Using social media to drive policy change

Consider how you can best use social media to achieve your policy change goals

Before I launch into my real post below, I want to take a minute to revel in being a Minnesotan. In the past several years, there have been very few opportunities to do that. But Tuesday, we reclaimed something of our past selves by setting a new state one-day online fund raising record of $14 million!!!

As Beth Kanter says, it’s a jaw dropping figure. One day, one state, one website…hundreds of nonprofits supported.

The success of this venture is due to many factors–great communications among them–but we all owe a debt to the local foundations who helped come up with this idea and who gave major support to it–the Minneapolis and St. Paul Foundations, the Blandin Foundation, the Bush Foundation, and the Minnesota Community Foundation. (United Way was in the mix, too.) Did I mention they matched the first $500,000 in contributions!

This unprecendented outpouring of good will in such hard economic times is not only a fabulous case study for the potential of online giving, but an inspiration for other states. Today, I’m proud to live here.

But, even as GiveMN day was an important proving ground for online fund raising, this post is about a excellent new free online tool for those who want to use social media to support program related goals. Cause Communications has come up with yet another in its great series of guides for nonprofit communicators.

Their new Online Outreach Tool Guide is one the most helpful, concise resources I’ve seen to help nonprofit executives and communications experts decide how to use social media to advance their social issues and mobilize policy change.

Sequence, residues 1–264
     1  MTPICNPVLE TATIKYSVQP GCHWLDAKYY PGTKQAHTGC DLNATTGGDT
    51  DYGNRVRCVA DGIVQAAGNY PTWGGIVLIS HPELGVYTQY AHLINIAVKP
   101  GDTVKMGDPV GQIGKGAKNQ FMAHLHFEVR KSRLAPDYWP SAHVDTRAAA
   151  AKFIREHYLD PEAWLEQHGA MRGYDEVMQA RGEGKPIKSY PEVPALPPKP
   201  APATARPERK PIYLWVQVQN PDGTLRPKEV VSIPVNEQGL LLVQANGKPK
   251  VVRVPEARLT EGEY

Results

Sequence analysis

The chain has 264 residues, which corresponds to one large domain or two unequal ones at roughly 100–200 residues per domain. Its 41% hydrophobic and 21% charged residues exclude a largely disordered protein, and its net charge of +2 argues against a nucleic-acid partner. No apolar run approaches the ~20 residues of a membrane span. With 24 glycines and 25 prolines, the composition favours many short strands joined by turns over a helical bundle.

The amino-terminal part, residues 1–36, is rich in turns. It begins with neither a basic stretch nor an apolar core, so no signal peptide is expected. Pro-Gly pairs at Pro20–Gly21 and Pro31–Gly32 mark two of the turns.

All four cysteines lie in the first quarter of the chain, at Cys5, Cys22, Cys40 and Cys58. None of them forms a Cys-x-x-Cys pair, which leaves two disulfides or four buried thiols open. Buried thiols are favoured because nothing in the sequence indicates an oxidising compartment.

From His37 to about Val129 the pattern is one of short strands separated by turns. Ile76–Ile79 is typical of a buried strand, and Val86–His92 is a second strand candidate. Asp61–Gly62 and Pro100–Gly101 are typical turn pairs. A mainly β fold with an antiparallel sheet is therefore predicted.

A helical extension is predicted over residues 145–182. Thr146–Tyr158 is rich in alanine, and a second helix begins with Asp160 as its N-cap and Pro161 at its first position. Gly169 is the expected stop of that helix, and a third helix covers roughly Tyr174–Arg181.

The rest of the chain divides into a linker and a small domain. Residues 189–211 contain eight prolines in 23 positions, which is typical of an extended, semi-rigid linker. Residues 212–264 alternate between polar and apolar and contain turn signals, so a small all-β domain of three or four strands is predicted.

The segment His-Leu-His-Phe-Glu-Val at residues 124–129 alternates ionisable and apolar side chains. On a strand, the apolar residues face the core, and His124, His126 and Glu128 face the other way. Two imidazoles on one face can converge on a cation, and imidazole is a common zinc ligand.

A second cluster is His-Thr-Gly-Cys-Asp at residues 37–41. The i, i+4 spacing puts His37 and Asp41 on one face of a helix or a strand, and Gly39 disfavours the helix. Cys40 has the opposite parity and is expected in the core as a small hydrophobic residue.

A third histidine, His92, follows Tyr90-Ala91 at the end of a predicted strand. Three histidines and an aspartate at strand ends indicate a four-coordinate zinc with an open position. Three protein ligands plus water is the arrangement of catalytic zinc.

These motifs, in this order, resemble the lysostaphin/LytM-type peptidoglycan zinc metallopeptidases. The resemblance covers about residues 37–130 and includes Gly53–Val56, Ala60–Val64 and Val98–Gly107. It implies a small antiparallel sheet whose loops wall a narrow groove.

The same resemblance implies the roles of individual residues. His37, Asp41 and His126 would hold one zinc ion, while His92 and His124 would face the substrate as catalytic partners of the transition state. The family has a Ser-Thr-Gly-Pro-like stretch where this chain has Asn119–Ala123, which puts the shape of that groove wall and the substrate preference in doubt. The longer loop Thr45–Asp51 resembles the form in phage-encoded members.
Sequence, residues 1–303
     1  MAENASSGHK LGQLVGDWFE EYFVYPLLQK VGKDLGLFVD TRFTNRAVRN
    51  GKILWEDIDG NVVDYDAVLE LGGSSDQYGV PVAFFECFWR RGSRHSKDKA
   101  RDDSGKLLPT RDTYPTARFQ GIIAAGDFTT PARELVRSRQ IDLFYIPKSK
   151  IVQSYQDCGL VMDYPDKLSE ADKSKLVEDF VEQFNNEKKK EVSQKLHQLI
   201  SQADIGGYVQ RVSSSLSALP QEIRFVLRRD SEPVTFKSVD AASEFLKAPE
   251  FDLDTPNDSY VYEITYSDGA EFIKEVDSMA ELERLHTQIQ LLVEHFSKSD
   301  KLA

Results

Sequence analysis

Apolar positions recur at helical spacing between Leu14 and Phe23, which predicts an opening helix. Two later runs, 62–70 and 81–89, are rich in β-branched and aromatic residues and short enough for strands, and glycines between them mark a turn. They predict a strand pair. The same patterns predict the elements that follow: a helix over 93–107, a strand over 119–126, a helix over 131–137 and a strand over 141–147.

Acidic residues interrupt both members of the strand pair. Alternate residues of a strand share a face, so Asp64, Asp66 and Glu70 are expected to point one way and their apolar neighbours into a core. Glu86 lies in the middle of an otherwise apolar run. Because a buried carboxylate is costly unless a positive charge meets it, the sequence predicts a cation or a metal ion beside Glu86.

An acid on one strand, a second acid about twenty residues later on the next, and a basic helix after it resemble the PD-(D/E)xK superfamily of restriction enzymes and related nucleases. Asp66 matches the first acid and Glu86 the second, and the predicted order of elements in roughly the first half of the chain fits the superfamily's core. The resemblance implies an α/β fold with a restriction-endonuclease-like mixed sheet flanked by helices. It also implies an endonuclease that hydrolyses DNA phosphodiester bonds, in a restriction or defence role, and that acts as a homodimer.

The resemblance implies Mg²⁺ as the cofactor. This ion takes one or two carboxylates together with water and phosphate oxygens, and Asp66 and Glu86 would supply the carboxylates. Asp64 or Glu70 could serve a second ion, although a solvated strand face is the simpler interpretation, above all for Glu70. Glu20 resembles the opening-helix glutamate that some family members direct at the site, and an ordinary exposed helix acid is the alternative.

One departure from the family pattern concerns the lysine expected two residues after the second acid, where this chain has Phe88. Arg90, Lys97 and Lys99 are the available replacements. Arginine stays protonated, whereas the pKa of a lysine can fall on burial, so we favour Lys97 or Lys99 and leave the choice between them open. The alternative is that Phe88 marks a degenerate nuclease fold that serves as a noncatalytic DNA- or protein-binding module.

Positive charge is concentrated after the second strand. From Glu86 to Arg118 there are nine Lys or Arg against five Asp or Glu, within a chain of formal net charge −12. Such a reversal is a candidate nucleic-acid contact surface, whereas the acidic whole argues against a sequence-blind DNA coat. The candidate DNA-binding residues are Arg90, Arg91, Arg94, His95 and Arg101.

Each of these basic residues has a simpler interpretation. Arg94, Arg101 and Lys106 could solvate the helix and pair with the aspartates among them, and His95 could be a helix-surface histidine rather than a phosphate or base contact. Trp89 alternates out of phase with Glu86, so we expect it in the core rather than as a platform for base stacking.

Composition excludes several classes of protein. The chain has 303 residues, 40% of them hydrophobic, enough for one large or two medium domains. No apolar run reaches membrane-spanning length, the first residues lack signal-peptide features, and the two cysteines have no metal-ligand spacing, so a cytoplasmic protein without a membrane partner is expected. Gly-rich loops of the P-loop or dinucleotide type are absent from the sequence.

The guide features a grid that shows which social media channels are best at achieving four different communications objectives: increasing credibility, raising awareness, encouraging dialogue, and mobilizing support. The authors also provide great examples from the real world about nonprofits that have employed each of these channels successfully—from social bookmarking and online advertising to microblogging and photosharing.

The short booklet also contains a lot of common sense wisdom that can help nonprofits start using these online tools strategically and measuring their results. There’s a whole section listing the ROI milestones that can be measured to gauge progress over time.

What especially appeals to me is the application of social media to policy change and issue framing, rather than just fund- and friend-raising. These tools have tremendous potential for informing people about issues, engaging them in civic dialogue, and ultimately, mobilizing them to take action.

Nonprofits should be thinking about using social media to support their program and organizational goals, not just their development goals. People like Beth Kanter and Allison Fine are helping lead the sector in that direction, and I’m hopeful that—even as beleaguered as nonprofits are right now—they will seize this new opportunity.



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